Once exemplars of entrepreneurial risk-taking, today’s tech elites are now entrenched monopolists. Increasingly, these firms reflect the worst of American capitalism—squashing competitors, using inden­tured servants from abroad for upwards of 40 percent of their Silicon Valley workforce, fixing wages, and avoiding taxes—while creating ever more social anomie and alienation.

The tech oligarchs are forging a post-democratic future, where opportunity is restricted only to themselves and their chosen few. As technology investor Peter Thiel has suggested, democracy—based on the fundamental principles of individual responsibility and agency—does not fit comfortably with a technocratic mindset that believes superior software can address and modulate every problem. [“America’s Drift Toward Feudalism“, American Affairs Journal, Winter 2019]

I can’t deny that rise of the tech oligarchs and their willingness and ability to move public opinion leftward probably influenced my view of capitalism. Not that there’s anything wrong with that. It is evidence that, contra Keynes, I am not the slave of some defunct economist.

Will public opinion shift enough to cause the containment of today’s “robber barons”? I doubt it. Most Republican politicians are trapped by their pro-capitalist rhetoric. Most Democrat politicians are trapped by their ideological alignment with the the “barons” and the affluent classes that are dependent on and allied with them.

The Age of Memes

Memes have always been with us, though they weren’t called that until 1976. According to Wikipedia, a meme

is an idea, behavior, or style that spreads from person to person within a culture—often with the aim of conveying a particular phenomenon, theme, or meaning represented by the meme. A meme acts as a unit for carrying cultural ideas, symbols, or practices, that can be transmitted from one mind to another through writing, speech, gestures, rituals, or other imitable phenomena with a mimicked theme. Supporters of the concept regard memes as cultural analogues to genes in that they self-replicate, mutate, and respond to selective pressures.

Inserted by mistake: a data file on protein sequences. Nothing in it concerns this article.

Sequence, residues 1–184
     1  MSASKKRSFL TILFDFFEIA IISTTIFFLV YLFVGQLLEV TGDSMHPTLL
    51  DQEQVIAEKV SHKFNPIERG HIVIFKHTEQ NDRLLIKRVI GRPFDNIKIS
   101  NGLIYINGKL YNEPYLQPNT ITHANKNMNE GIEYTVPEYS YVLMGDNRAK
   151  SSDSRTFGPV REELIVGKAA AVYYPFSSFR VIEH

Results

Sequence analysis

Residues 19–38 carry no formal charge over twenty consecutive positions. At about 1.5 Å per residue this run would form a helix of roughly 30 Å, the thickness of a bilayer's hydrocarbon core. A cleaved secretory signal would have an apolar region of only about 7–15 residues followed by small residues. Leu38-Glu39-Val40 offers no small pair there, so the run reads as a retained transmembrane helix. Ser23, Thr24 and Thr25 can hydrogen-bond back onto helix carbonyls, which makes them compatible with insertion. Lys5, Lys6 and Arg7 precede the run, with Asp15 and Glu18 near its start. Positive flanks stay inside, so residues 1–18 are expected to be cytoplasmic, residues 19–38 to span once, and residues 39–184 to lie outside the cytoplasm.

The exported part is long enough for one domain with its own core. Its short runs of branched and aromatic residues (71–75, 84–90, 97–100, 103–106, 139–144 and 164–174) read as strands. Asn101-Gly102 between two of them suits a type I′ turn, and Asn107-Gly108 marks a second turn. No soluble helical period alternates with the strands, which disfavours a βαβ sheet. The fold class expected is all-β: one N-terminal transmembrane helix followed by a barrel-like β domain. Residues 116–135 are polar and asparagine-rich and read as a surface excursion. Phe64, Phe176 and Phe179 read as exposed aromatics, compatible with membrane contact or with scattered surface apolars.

There’s really nothing new in all of that, except for the “scientific” name that has been applied to it.

No, what’s really new is the rapidity with which particular ideas (i.e., unbaked hypotheses, lies, rumors, and propaganda) spread and seem to take hold without having been examined carefully. Consider, for example, the ridiculous idea that the Betsy Ross flag is a “hurtful” symbol of slavery: from Colin Kapernick’s addled brain to myriad media outlets (including the “social” variety) and thence to the mouths of some presidential candidates in a matter of days. (I would say “to the brains of some presidential candidates”, but their ready acceptance of the meme suggests a dire shortage of gray matter, if not brains that have been conditioned to serve nefarious ends.)

I return to “Peak Civilization“:

In the West, rational inquiry seems to have peaked in the early 1960s. I needn’t remind you of the subsequent descent: mobs, riots, the din of “entertainment”, quasi-religious movements from hippiedom to “climate change”, and on and on into the night.

(In the same vein there is neo-Malthusianism-cum-environmental extremism, which in its mildest form wants some kind of population control and in its most virulent form wants the extinction of human beings.)

Not that rational inquiry has always (or ever) ruled the day, but the decline since the 1960s is striking to me.

What happened in and since the 1960s? Take the idea that humankind is doomed to extinction by “climate change” — a fringe idea, perhaps, but not an uncommonly held one.  Take the shrill and many-fold “social justice” movement, which encompasses so many “wrongs” and “victims” that it would be easier to describe it by listing its exceptions (mainly straight, white, conservative males of British and northwestern European descent whose sexuality has always been tightly controlled).